On Friday afternoon, I was scanning my Twitter feeds and saw a tweet from @spacekate. Kate said that on Saturday afternoon, ESA astronaut Paolo Nespoli would be in London, giving a talk at the Royal Aeronautical Society about his flights on the ISS. Kate also said that there were tickets still available and that better still, they were free!
Somewhat unusually, the calendar was co-operative and I was able to book tickets for myself and the boys (Julie was going to a series of talks in Oxford).
When we arrived, we were told that Paolo was running late. Somehow you expect an astronaut to arrive in a fast car. In fact poor Paolo had come by coach, which had been delayed by a cycle race! Whilst Paolo was waiting for his laptop and talk to catch up with him, he was happy to take questions, so I was really excited to be able to ask him about his visual memories of the trip.
The talk was fascinating. Even a 15 year old pronounced it ‘cool’. High praise indeed. But it was. Amazing to learn about some of the effects of zero gravity on the human body from someone who has actually experienced it – and what being launched in a Soyuz feels like (gentler than the shuttle, although the Soyuz ‘rides harder’ further into the flight).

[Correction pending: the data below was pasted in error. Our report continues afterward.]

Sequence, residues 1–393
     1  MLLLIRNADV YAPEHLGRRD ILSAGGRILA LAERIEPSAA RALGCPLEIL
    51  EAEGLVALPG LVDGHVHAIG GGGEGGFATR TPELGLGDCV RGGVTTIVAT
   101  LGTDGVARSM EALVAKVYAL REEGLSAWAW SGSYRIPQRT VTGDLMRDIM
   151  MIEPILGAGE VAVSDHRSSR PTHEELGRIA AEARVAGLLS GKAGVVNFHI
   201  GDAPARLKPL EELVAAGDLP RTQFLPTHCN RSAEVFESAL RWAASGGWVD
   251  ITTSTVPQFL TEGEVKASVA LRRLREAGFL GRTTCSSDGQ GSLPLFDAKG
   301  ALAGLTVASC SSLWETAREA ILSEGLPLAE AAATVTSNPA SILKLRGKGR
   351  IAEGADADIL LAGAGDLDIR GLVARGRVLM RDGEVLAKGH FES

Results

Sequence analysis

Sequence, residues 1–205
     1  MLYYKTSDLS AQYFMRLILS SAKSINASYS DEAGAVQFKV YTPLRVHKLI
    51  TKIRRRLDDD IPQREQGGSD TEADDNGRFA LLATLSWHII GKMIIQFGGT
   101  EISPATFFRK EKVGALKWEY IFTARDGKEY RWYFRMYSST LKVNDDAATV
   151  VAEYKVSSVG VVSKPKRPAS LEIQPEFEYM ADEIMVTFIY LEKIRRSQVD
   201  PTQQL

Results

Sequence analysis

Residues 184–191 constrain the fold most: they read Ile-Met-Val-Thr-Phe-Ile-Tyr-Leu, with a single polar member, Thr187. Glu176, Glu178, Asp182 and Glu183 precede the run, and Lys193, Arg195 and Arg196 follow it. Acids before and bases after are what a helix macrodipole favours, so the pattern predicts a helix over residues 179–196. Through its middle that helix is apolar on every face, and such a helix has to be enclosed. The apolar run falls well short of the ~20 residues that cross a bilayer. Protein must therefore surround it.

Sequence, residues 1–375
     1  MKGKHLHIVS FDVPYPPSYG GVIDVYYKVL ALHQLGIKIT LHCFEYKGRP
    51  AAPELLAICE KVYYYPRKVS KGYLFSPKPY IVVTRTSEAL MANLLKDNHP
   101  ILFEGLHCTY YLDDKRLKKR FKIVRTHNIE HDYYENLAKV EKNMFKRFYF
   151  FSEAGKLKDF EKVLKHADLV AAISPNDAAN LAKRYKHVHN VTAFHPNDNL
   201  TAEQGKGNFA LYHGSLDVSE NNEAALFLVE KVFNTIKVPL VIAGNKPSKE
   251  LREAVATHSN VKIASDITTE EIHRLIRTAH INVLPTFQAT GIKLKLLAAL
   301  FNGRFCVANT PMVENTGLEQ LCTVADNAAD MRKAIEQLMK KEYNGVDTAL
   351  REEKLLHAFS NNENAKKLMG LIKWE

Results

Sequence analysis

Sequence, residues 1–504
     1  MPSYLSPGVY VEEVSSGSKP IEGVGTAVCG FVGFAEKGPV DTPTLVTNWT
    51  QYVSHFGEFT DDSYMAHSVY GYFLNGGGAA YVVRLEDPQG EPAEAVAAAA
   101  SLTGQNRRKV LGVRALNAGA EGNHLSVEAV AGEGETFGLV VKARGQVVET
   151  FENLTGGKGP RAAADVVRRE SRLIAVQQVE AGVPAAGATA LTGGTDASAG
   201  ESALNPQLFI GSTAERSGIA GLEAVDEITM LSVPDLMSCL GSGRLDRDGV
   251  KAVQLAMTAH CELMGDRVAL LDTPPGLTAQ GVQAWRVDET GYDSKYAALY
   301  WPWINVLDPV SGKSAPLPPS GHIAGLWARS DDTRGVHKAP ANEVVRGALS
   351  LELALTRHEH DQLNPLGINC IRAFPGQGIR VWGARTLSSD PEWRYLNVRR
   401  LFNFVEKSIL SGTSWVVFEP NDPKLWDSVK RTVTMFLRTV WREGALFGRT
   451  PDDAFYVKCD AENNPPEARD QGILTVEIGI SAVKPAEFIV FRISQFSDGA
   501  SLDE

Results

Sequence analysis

Predictably, Paolo’s photos were stunning, no surprise to those of us who followed his tweets from space and his Flickr stream. A slide which caused much laughter was a shot of Italy from space – being noticeably brighter than its’ neighbours. Especially when Paolo explained that Italy imports a large quantity of its’ electricity.
One of Paolo’s slides featured a shot of one of the two amateur stations on the ISS. He explained that he and Cady Coleman had 77 contacts with schools during their flight – a record that he was proud of. To an audience which included school children and teachers, he encouraged schools who were interested in having a radio contact with the ISS to get in touch with the project.
All too soon, the presentation was over, but as Paolo was dashing out the door, I had the opportunity to thank him for his amateur activity from the Space Station and have a quick chat.
I never expected that I would shake the hand of an astronaut!